Hamish Blakely was born in Canterbury in 1968 and developed an interest in art from an early age. From drawing his favourite comic book superheroes to producing caricatures of his school teachers, Blakely's innate passion for creating paved the way for a successful future in painting. He studied illustration at Wimbledon School of Art and completed his degree at Kingston Univer...sity shortly after which he became a professional illustrator.
During this time as a professional illustrator, his clients included The Body Shop, British Telecom and Cable and Wireless and he was chosen to paint two front covers for the world renowned author of ‘Schindler’s List’, Thomas Keneally.
Blakey and his wife Gail have both set up and curated their own shows in London, leading to a solo display in the Thomas Kettle Gallery in Covent Garden. As his success grew, so did his interest in physicality and lighting that were to become the hallmarks of his later work. The artist suggests that his relationship with his wife has marked the first transformative phase of the style that has now seduced collectors worldwide.Gail continues to be the artists muse
The artist's love of women has led him to explore themes of empowerment, narcissism and even 'smartphone mania'. He is inspired by his loyalty remains to the intrinsic beauty of the female form, yet his paintings hint at deeper, primal forces. Blakely paints with deep immediacy and considers sketches unnecessary to his creative process. Using a vibrant colour palette, Hamish creates a tactile surface achieved with layer upon layer of heavily-applied pigment.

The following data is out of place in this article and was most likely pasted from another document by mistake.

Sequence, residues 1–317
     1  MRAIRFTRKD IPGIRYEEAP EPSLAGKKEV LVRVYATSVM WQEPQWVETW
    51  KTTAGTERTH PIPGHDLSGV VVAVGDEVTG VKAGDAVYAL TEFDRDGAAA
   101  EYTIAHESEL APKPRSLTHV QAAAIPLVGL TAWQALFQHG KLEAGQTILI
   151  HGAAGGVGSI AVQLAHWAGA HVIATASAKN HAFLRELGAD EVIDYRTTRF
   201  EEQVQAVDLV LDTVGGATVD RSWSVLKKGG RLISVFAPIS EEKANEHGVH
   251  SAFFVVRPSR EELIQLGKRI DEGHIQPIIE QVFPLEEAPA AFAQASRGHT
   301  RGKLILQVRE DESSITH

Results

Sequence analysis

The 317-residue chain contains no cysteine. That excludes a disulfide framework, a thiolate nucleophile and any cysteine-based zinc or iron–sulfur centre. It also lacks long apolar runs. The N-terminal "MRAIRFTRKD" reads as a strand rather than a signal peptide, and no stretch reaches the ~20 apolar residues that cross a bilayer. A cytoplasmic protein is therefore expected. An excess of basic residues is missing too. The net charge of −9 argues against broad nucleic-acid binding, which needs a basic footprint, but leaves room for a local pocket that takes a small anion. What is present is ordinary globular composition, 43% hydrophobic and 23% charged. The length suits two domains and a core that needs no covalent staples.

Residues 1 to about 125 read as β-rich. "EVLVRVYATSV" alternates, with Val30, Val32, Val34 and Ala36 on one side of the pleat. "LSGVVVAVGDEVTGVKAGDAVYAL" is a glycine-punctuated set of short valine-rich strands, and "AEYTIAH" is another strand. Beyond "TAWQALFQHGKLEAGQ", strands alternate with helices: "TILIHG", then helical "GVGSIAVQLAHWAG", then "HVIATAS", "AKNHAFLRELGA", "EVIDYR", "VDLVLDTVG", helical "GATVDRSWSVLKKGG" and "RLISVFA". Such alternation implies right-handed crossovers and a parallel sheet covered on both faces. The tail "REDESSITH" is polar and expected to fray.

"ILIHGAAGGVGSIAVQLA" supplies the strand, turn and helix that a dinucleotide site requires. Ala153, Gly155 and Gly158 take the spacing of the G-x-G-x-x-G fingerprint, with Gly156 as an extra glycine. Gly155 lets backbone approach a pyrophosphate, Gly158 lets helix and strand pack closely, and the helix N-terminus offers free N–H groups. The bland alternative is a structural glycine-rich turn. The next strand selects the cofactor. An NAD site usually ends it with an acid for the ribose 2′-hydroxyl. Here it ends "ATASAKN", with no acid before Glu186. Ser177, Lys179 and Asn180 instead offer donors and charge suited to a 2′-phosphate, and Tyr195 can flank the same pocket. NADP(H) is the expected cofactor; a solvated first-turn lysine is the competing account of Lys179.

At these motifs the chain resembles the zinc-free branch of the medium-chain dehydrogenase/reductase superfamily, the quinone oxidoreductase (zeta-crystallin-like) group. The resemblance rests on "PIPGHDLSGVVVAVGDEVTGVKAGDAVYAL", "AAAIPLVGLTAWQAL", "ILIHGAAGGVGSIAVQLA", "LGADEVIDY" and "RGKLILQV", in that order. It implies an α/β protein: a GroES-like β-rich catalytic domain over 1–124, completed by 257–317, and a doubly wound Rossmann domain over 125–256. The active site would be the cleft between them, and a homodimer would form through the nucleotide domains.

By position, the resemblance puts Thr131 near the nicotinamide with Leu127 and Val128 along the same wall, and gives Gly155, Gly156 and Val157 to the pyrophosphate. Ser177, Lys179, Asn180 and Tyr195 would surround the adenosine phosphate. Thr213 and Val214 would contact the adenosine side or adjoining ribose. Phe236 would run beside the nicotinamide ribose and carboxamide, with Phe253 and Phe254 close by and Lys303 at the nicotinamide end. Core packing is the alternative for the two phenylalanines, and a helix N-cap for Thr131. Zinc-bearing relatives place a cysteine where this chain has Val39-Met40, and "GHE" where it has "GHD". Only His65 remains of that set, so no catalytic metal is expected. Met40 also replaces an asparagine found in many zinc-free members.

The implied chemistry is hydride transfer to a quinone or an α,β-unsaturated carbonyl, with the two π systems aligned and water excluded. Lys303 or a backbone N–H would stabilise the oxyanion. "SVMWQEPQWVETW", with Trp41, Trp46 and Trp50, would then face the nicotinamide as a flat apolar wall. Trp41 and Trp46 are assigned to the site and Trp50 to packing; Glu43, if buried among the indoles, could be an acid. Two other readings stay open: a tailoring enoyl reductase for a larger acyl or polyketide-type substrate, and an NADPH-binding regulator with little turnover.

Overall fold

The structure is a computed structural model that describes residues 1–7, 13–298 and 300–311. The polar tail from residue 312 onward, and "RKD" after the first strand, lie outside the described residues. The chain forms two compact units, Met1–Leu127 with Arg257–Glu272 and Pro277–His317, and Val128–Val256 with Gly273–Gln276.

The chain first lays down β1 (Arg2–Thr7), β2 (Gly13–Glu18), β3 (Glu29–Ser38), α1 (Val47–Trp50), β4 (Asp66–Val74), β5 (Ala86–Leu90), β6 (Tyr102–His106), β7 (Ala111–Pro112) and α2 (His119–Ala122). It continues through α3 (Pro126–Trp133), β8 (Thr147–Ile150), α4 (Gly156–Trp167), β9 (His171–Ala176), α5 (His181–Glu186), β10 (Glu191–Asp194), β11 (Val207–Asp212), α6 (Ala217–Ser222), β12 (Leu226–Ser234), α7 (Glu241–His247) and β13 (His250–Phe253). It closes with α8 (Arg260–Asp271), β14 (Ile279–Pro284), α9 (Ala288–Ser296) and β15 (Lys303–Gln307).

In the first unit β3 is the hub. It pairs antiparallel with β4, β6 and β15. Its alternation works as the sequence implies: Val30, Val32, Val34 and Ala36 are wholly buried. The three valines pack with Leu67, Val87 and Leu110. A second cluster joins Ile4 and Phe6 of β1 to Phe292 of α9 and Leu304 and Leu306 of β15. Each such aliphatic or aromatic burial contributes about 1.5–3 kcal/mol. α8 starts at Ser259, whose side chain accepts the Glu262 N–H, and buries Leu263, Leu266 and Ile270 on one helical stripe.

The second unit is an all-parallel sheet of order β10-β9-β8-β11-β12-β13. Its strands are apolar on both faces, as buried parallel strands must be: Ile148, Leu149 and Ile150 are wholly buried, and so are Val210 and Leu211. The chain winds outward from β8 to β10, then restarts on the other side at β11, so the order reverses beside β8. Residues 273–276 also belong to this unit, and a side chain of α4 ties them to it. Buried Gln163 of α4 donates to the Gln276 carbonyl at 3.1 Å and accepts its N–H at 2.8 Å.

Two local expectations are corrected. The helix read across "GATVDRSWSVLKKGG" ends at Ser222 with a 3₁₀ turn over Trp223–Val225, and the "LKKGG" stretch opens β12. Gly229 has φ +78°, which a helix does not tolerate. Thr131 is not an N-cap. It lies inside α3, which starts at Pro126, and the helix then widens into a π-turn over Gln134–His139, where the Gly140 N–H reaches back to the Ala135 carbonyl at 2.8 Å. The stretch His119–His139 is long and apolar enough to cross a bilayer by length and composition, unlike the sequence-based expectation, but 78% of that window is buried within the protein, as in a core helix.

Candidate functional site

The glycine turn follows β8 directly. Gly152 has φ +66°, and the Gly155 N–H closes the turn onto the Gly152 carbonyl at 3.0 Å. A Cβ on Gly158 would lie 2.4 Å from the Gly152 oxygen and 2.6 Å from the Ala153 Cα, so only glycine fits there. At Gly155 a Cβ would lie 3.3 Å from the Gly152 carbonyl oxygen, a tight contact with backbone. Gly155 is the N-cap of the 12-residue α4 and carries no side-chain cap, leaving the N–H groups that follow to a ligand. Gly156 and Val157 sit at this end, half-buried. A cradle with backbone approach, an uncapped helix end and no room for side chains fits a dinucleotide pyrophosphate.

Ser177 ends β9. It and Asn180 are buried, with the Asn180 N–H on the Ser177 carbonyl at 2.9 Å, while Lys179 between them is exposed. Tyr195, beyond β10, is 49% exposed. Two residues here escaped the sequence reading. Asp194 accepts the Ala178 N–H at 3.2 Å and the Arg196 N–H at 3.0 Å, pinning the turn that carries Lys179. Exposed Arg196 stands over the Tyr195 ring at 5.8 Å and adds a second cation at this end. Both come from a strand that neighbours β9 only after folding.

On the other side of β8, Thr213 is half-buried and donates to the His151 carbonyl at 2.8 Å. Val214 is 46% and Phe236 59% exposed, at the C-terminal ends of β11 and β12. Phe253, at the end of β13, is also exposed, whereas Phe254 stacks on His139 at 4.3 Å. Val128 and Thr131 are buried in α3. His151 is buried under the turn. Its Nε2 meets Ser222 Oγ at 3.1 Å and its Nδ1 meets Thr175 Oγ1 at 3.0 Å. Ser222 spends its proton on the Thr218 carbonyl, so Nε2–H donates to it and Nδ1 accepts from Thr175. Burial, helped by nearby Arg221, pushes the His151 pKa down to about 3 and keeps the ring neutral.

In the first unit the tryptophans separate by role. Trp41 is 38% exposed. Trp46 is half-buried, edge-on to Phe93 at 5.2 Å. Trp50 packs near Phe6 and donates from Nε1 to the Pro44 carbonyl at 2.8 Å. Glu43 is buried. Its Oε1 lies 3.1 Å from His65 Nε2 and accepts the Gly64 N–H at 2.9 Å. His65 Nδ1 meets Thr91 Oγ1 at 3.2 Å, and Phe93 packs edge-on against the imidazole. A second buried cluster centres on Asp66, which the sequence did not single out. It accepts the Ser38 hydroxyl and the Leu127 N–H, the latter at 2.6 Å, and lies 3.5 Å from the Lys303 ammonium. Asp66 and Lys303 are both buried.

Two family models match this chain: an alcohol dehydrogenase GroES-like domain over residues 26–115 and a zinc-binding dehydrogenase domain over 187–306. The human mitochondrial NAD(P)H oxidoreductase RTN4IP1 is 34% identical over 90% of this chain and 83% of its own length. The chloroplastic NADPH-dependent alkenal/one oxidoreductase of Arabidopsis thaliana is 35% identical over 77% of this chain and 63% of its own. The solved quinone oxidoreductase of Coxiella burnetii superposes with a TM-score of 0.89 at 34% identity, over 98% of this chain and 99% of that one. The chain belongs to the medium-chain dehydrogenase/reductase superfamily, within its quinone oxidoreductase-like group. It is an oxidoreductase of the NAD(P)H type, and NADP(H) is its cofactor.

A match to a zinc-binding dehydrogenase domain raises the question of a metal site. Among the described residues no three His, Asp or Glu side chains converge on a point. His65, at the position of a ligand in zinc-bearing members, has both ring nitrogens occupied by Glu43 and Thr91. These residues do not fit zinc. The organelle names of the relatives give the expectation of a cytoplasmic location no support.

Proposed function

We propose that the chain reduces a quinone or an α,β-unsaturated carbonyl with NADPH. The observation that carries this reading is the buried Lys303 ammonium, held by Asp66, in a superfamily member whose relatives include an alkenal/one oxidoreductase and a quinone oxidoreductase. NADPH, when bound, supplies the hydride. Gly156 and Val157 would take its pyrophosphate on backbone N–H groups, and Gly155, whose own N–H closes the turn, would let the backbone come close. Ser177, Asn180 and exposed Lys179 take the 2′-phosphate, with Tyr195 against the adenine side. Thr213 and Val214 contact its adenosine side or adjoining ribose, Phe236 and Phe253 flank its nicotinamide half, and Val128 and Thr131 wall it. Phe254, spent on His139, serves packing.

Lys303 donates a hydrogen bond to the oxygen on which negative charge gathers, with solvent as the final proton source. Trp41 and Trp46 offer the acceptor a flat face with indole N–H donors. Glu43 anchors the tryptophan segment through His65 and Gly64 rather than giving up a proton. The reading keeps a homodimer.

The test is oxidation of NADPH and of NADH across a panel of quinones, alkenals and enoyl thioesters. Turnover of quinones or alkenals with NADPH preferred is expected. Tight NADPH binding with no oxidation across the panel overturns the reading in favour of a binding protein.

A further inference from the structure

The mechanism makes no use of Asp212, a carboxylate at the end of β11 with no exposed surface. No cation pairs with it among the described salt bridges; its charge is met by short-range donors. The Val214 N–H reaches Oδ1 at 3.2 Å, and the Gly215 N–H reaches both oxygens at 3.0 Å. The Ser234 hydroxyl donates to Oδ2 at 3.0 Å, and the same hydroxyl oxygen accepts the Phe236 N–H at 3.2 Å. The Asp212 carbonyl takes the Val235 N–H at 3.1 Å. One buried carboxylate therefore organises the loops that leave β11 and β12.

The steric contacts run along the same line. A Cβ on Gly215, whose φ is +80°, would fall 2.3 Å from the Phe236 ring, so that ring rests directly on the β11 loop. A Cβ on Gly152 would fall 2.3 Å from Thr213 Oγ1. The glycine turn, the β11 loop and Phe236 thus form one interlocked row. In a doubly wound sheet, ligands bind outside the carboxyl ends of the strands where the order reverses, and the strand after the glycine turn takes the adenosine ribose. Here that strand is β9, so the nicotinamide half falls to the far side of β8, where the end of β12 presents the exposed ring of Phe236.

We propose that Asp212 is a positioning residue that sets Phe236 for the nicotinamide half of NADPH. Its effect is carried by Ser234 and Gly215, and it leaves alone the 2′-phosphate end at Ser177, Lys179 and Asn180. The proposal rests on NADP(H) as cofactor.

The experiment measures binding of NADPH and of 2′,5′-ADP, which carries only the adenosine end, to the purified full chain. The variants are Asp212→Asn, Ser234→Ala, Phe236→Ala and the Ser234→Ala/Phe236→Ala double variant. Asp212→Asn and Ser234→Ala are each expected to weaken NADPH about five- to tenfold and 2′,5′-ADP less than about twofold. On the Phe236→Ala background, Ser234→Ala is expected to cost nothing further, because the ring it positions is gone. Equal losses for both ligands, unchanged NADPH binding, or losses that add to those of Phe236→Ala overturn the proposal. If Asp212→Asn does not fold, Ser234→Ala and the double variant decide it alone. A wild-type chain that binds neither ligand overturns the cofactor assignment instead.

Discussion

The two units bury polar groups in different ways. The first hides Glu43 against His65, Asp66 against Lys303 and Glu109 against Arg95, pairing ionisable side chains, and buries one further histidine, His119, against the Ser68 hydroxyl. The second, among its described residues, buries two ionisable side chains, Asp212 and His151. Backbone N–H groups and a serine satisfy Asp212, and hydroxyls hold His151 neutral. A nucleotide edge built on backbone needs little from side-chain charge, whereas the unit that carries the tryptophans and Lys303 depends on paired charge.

Blakey finds inspiration in a glance at the fashion section of the Sunday supplements, as it has shown him something special. The non-posed images of particular models backstage and the structure of their faces in light but now they are distracted and less self-conscious, work their way into the artists practice.
While technique is obviously important in representative art, Blakely feels it is something that must not be over indulged. He believes a painting is more than an arrangement of polished rendering and that the life of it involves spontaneity and boldness.